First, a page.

You already know your customers. But you may still be making a very common mistake and sending promotions to your customers as if they ARE all the same.
Many convenience stores send out one promotion to their entire customer base. At best, that promotion make entices a few people, while it doesn’t interest (or even alienates) others.
At worst, the promotion could cannibalize profits and jeopardize the entire purpose of the campaign.
Cannibalization refers to when a promotion works against you and “eats away” at your profits.
Promotions that Cannibalize Profits
Here’s an example. A c-store wants to re-engage its lapsed customers and decides to run a campaign that offers a buy-one-get-one-free fountain drink offer if they visit within a week.
But lapsed customers only make up one portion of the restaurant’s total customer base. It also has Platinum customers or customers who visit very regularly, Gold customers, or customers who visit somewhat regularly, Silver customers, who visit sporadically, and Bronze customers, who visit only occasionally.
When this c-store sends out their promotion, two great things happen: They see a spike in visits (and spend) from their lapsed customers, as well as a bump from their Bronze customers.
But a few not-so-great things—and expensive—things happen, too.
Remember that the Platinum customers who visit very regularly, the Gold customers who visit somewhat regularly, and the Silver customers who visit sporadically also got that offer.
By sending out that promotion to all of its customers, this c-store saw a large percentage of people that would have already visited and paid the full price come in and use that promotion instead.
That means the promotion lost this c-store money some money. And, conceivably, depending on the size of each group, it’s very possible that a promotion could cannibalize all profits and even end up costing a c-store money!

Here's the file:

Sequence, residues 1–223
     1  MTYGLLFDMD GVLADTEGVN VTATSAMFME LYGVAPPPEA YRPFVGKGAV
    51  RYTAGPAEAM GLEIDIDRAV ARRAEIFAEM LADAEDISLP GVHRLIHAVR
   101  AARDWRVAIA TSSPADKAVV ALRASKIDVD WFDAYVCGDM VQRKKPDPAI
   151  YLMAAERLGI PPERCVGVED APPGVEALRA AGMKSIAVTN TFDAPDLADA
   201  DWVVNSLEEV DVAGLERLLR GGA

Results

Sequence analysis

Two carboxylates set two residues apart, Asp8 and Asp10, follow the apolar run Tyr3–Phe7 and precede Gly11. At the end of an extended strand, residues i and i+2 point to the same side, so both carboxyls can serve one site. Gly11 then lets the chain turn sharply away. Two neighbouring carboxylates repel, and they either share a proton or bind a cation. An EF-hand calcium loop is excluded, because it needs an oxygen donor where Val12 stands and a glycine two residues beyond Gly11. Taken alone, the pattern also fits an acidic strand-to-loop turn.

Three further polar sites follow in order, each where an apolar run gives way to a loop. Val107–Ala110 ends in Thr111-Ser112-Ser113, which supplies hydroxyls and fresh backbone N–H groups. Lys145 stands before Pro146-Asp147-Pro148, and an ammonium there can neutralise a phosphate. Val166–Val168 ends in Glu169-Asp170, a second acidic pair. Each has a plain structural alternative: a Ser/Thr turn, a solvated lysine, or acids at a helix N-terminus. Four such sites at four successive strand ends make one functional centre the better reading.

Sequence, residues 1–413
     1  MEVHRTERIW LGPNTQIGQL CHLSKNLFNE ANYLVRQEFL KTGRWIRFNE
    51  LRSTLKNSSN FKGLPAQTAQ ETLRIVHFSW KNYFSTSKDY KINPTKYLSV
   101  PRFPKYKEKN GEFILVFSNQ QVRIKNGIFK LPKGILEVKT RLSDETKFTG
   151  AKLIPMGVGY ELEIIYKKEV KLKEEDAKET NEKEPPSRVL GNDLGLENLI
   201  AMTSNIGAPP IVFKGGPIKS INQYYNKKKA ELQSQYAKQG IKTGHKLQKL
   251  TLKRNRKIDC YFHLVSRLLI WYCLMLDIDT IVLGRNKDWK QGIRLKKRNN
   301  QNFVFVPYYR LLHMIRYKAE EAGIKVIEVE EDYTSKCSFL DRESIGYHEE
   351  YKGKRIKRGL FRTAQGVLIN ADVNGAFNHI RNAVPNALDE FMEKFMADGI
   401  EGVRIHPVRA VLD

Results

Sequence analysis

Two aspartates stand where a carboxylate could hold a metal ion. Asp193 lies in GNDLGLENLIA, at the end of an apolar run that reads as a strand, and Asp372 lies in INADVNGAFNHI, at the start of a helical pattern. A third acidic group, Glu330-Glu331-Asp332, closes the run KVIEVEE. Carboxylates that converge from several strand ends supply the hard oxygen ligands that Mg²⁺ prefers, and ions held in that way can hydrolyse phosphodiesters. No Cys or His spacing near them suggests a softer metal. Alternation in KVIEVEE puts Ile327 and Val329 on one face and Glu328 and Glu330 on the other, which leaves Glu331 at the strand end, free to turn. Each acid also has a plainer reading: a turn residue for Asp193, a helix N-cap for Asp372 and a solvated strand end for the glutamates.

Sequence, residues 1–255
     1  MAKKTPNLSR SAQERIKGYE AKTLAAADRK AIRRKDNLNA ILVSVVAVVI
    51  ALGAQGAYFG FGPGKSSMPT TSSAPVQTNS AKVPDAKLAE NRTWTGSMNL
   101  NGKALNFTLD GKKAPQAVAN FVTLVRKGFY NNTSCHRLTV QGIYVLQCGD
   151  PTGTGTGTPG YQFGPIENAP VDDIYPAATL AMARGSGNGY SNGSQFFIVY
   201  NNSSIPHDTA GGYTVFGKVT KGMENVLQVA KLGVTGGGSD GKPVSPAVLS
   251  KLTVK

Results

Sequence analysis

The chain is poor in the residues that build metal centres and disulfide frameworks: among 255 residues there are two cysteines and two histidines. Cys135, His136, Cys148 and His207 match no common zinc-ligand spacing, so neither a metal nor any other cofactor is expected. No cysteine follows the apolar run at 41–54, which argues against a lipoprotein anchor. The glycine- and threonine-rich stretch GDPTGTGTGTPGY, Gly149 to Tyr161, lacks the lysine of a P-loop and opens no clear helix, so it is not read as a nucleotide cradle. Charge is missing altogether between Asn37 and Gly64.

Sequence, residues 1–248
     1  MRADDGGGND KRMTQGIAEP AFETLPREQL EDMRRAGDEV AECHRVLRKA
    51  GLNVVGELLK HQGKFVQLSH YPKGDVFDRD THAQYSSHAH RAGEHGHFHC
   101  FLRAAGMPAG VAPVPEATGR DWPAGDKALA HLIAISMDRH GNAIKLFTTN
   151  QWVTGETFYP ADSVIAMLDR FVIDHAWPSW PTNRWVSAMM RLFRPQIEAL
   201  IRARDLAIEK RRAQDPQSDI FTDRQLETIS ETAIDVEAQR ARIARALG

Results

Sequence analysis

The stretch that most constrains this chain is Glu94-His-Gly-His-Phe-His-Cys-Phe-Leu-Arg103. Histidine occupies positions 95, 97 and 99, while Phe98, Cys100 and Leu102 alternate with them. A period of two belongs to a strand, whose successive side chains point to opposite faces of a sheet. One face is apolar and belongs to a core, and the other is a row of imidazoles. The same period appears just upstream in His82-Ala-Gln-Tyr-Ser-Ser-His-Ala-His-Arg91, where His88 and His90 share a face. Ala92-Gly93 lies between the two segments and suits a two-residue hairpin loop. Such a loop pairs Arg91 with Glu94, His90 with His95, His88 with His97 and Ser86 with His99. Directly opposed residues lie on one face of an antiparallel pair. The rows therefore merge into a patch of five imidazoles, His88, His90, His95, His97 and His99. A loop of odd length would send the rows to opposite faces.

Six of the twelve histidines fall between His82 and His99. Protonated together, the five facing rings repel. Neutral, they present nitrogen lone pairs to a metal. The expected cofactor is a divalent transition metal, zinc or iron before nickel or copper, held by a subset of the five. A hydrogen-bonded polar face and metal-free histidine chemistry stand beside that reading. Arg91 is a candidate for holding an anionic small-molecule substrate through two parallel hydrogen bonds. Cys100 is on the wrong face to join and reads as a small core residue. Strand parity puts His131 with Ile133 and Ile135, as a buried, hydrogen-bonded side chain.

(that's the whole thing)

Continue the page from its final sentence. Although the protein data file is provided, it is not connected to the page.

Discover Whole New Segments
People can try to segment on our own but, of course, we’re only human. Computer segmentation can discover new groupings that a person would never be able to detect.
For example, if a c-store wanted to promote a new nachos offering, they might think to promote it to people who regularly purchase snacks.
But data analysis might reveal groups within that segment that make a lot of sense to target to—people who always choose salty snacks, and people who come in and purchase bulk foods to share—as well as people not to target, like people who purchase snacks but only ever purchase sweet snacks.
Behavioral segmentation allows for all kinds of data analysis, including things like types of food purchase, other items purchased, items purchased together, time of day of visits, visit days of week, the frequency of purchasing specialty items, time between visits, visits around special events holiday, mobile ordering in-app, mobile app usage, the form of payment, promotion redemption—and many more.
Being able to target people at this level has two main benefits. First, it can help a c-store realize more profit. And, second, it can help them fulfill the promise of their loyalty program and help people feel more recognized and valued.
It’s clear that segmenting is important…but just how does a c-store go about implementing it?
We answer this question and more in our on-demand webinar “Why Segmentation is Essential to Your Promotional Strategy.”